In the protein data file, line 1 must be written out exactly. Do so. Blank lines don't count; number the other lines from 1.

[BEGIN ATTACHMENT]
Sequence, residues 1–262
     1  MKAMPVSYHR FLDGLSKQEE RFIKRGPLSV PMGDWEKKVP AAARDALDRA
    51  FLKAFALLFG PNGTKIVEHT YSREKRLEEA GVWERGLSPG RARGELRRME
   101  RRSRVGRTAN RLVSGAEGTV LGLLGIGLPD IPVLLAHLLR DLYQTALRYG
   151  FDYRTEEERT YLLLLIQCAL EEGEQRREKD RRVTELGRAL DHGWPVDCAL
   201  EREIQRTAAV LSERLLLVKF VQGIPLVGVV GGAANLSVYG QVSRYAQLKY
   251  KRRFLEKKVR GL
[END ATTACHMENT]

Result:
Sequence, residues 1–262